I'm not sure how Show4Pro did his acrylic groove, but I did my MB tray with a round sand drum with my Dremel on low speed going really slow because of the melt factor, then sanded to 600 wet and heat polished the edges ~ http://www.overclock.net/t/1441548/build-log-consummation-dual-htpc-water-cooled-audiophile-stereo-build/20#post_24175912
I apologize for the roughness of that job there, I was originally intending this to just be a test so the acrylic is really thin somewhat milky junk, but then I got a bit lazy and since the mb light tray quality isn't a major focus for my build, I'm not sure I want to remake it with good acrylic or not heh
That said, prior to the full on tray there, I'd done a bunch of smaller tests for making a nice solid light line. (For some reason I can't upload pictures, I'll try to come back and edit with my testing sample pics, they're not from my build here heh - update: looks like all I've got are light transmission testing pictures, no edge clean up pictures. >.< too many hard drives ago.)
I found the "router" v-groove bits just cracked the acrylic, even the scrap 1/4" stuff I had, the vbits are to sharp and to fast even on the lowest setting of my dremel. The drum sander works way better for not cracking, though it does take a long time because you have to go super slow and steady so the acrylic doesn't melt and make a smear, it also takes a lot of sanding to clean up and get the acrylic clear again. Sand from w/e grit drum to the 600 wet, then give it a heat polish. If you want to get real serious (which I had on a sample piece,) get a CPU lapping kit and finish off with Novus plastic scratch remover/polish.
I'd used a pen that happened to be the right size to sand the inside of the groove, just wrapped the sandpaper around it and rubbed while watching TV. For the heat polishing I used a butane torch on the tray in my post there, and it was way too hot so I've got a lot of bubbles and stuff (not that I took as much time with the drum sander as I should have either heh.) However, on one of my small test pieces I'd used a heat gun on it's low setting and been super slow and careful, it'd turned out way better so I'd recommend a heat gun by far over a "torch" or a lighter. I've also heard about the oven thing, and I'm sure that works alright for shaping acrylic, but you'll be risking your piece deforming since you're heating the whole thing (rather than just the edges you want to clear up.) Also do keep in mind that it will destroy your oven, the acrylic gases and puts a white film all over the inside, can also etch the glass and stuff, you can never get it off either. (I destroyed a decent oven shaping acrylic bracelets. Stunk like heck every time we turned it on, and we were seriously concerned that it was poisoning our food so we ended up buying a new oven >.<)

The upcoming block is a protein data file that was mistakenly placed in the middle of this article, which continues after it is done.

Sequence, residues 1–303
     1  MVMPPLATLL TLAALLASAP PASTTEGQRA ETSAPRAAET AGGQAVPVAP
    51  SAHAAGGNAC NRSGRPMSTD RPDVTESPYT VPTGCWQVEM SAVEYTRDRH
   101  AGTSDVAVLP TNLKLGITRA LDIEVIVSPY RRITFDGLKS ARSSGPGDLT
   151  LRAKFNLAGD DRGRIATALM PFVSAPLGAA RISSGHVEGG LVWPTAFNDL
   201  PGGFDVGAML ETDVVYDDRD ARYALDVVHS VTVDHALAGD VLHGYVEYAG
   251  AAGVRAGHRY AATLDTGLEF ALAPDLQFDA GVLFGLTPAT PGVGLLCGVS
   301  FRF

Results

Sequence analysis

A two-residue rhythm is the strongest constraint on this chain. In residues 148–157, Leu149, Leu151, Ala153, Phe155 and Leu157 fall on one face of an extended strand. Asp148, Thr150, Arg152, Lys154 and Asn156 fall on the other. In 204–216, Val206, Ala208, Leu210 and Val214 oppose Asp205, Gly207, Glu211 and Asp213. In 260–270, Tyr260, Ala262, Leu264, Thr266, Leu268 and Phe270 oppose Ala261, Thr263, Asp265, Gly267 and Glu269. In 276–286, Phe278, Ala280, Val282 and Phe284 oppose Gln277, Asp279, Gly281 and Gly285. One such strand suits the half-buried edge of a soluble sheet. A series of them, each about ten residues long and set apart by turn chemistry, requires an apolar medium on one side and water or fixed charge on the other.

As a final thought - and if you want the light "dots" look this isn't for you - I found that scuffing up the outer edge and making that more of a rounded than a 45 angle helped solidify the light line. I did that by hand with a "jig" of sorts, they make sponge like sanding bars, if you maintain constant pressure it naturally rounds one side, then I finished up with a trick I actually learned making and polishing jewelry; emery board/manicure boards for fingernails - makes perfect sense if you think about it since most false nails are acrylic themselves. Anyway, the boards I use have 2 "grits" of fine "sandpaper" and 2 polishing sides, works great for sanding and polishing acrylics. I also found that covering the top and bottom with reflective surface helped a lot; I used adhesive backed brushed aluminum on mine, but this stuff (http://www.amazon.com/gp/product/B00LY81CAY?keywords=mirror%20vinyl&qid=1445096959&ref_=sr_1_1&sr=8-1
) would work better.
Also, I think you could sand the rounded groove into a v with some more work, just use the smallest drum then angle the two sides with a hand file. I've got a jeweler's diamond file set that works really well on the acrylic without cracking it and such. My jeweler's file kit even has a triangle file that could cut in a nice v-notch, but I think the problem with that's going to be the size; the files only like 2mm at widest but for 5050's you need 5mm at least. Could look around for a "fine" diamond infused file in a bigger size triangle though. One might also look into something like this - http://www.amazon.com/gp/product/B015PDQFJG?keywords=nail%20shaper%20and%20polisher&qid=1445096792&ref_=sr_1_2&sr=8-2
I've not tried it myself,(yet, I'm thinking about buying it just to test,) but as long as the things slow enough it won't melt the acrylic which is where the biggest problem I've found is.Edited by Mystriss - 10/17/15 at 9:28am